Maj. Gen. John Ashe

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Maj. Gen. John Ashe

Birthdate:
Birthplace: Cape Fear, North Carolina
Death: October 24, 1781 (56)
Sampson Hall Plantation, Duplin County, North Carolina, United States
Place of Burial: Duplin County, North Carolina, United States
Immediate Family:

Son of John Baptista Ashe and Elizabeth Lillington Ashe
Husband of Isabella Ash and Mary Rebecca Ashe
Father of Elizabeth Combs McBrayer; Anna Rebecca Hall; Maj. Samuel Ashe; William Algernon Ashe; A'Court Ashe and 4 others
Brother of Mary Moore and Gov. Samuel Ashe

Managed by: Brian McDonald Hall
Last Updated:

About Maj. Gen. John Ashe

https://www.ncpedia.org/biography/ashe-john

A Patriot of the American Revolution for NORTH CAROLINA with the rank of BRIGADIER GENERAL. DAR Ancestor # A003388

John Ashe (c. 1720 – October 24, 1781) was a general officer in the North Carolina militia during the American Revolutionary War.

Born to a prominent family in Grovely, Brunswick County, North Carolina around 1720, Ashe enlisted in the North Carolina militia during the French and Indian War. The Harvard-educated Ashe served as Speaker of the colonial assembly from 1762 to 1765 (his father, John Baptista Ashe, had served as speaker in 1726-27). An outspoken opponent of the Stamp Act and eventually a supporter of independence from Great Britain, Ashe served in the North Carolina Provincial Congress and on both the committees of correspondence and safety as hostilities between the colonies and Great Britain began to rise.

Leading a force of 500 men, Ashe destroyed the British garrison of Fort Johnson (near present day Wilmington, North Carolina) in 1775, becoming a colonel later that year. Raising and equipping a regiment at his own expense, Ashe would later be promoted Brigadier General of militia in April 1776. Dispatched to support Gen. Benjamin Lincoln during the defense of Charleston, South Carolina in 1778, Ashe led a force consisting of 1,200 men to recapture the British-held city of Augusta, Georgia, defended by Col. Archibald Campbell in early 1779. Ashe was at the time serving as one of North Carolina's state treasurers, so Governor Richard Caswell assumed those duties while Ashe fought.

On Mar. 3, 1778, while advancing towards Augusta, however, Ashe's forces were flanked in a surprise attack by Col. James Mark Prevost and routed during the Battle of Briar Creek, with an estimated 150 Americans killed compared to around 16 British casualties, on March 4. The British hold on Georgia was thereby strengthened, resulting in the effective halt of colonial resistance within Georgia, Ashe was censured by a later court of inquiry for "lack of vigilance."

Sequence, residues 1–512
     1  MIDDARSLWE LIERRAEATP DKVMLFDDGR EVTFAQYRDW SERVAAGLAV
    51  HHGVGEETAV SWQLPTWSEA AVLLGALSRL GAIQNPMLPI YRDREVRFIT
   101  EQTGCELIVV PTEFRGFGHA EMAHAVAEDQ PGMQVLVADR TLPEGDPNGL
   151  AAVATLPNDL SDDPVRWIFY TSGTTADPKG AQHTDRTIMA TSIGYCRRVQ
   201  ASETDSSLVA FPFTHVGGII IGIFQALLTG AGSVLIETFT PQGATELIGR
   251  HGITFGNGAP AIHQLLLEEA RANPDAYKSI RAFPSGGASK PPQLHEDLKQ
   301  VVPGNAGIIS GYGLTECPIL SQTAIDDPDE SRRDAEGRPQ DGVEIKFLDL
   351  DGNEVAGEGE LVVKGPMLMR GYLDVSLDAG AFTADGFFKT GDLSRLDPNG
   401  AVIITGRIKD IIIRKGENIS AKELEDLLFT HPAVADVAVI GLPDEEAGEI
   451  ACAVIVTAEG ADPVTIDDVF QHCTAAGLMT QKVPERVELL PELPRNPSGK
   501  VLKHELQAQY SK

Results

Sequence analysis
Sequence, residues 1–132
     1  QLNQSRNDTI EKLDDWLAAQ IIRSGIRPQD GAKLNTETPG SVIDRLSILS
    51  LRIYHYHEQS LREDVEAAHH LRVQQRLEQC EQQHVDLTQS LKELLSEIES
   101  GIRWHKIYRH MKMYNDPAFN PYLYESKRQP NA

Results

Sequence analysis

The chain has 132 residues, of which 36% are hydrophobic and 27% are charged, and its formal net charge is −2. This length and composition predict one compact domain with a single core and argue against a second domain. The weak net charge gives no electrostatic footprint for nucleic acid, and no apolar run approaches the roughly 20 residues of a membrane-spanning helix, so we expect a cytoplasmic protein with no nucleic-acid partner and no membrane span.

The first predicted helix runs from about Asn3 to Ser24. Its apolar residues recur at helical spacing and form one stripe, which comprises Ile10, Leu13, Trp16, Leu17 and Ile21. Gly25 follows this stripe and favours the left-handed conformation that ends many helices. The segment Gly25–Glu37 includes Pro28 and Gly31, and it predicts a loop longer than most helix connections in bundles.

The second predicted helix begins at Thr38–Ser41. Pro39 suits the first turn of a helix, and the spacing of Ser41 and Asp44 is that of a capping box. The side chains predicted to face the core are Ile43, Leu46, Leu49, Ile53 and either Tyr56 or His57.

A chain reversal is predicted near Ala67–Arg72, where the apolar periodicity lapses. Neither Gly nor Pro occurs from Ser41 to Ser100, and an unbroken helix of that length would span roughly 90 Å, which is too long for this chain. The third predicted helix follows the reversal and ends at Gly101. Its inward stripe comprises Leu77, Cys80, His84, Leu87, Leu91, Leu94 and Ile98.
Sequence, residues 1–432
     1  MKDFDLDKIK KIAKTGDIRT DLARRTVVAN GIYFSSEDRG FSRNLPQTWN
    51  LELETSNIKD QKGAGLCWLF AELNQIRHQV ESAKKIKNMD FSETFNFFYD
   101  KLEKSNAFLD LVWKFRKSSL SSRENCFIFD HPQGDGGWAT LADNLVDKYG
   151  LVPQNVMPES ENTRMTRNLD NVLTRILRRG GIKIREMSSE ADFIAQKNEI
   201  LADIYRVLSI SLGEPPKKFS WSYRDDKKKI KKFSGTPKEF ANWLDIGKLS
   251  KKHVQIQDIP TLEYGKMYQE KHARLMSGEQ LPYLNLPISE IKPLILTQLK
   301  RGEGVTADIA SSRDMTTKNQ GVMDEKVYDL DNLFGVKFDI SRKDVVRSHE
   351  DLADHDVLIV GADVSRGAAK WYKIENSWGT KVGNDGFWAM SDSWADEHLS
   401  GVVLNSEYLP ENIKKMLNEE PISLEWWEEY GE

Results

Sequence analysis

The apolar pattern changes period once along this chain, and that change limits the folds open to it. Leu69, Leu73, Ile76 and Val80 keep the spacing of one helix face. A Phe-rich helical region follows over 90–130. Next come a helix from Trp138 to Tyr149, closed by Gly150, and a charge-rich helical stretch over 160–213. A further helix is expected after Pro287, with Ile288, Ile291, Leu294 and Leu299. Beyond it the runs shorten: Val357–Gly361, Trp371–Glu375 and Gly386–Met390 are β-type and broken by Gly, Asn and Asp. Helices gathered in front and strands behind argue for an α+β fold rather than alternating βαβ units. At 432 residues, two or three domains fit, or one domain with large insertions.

Returning to Wilmington, he was captured and held as a prisoner of war following the town's capture in 1781. Contracting smallpox while imprisoned, Ashe died in Sampson County on October 24 shortly after his parole.

Governor Samuel Ashe (1725-1813) was his younger brother.


http://en.wikipedia.org/wiki/John_Ashe_(general)

John Ashe (ca. 1720 – October 24, 1781) was a general officer in the North Carolina militia during the American Revolutionary War.

Born to a prominent family in Grovely, Brunswick County, North Carolina around 1720, Ashe enlisted in the North Carolina militia during the French and Indian War. The Harvard-educated Ashe served as Speaker of the colonial assembly from 1762 to 1765 (his father, John Baptista Ashe, had served as speaker in 1726-27). An outspoken opponent of the Stamp Act and eventually a supporter of independence from Great Britain, Ashe served in the North Carolina Provincial Congress and on both the committees of correspondence and safety as hostilities between the colonies and Great Britain began to rise.

Leading a force of 500 men, Ashe destroyed the British garrison of Fort Johnson (near present day Wilmington, North Carolina) in 1775, becoming a colonel later that year. Raising and equipping a regiment at his own expense, Ashe would later be promoted Brigadier General of militia in April 1776. Dispatched to support Gen. Benjamin Lincoln during the defense of Charleston, South Carolina in 1778, Ashe led a force consisting of 1,200 men to recapture the British-held city of Augusta, Georgia, defended by Col. Archibald Campbell in early 1779. Ashe was at the time serving as one of North Carolina's state treasurers, so Governor Richard Caswell assumed those duties while Ashe fought.

While advancing towards Augusta, however, Ashe's forces were flanked in a surprise attack by Col. James Mark Prevost and routed during the Battle of Briar Creek, with an estimated 150 Americans killed compared to around 16 British casualties, on March 4. Resulting in the effective halt of colonial resistance within Georgia, Ashe was censured by a later court of inquiry for "lack of vigilance."

Returning to Wilmington, he was captured and held as a prisoner of war following the town's capture in 1781. Contracting smallpox while imprisoned, Ashe died in Sampson County on October 24 shortly after his parole.

Governor Samuel Ashe (1725-1813) was his younger brother.


GEDCOM Note

U.S. General in Revolutionary War. Active until captured - died of small-pox while in prison.

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Maj. Gen. John Ashe's Timeline

1725
March 24, 1725
North Carolina
1742
1742
1742
1746
1746
Antrim, Lancaster, Pennsylvania
1757
1757
Beaufort, Carteret County, North Carolina
1758
1758
1760
1760
birth date estimated
1760
1765
1765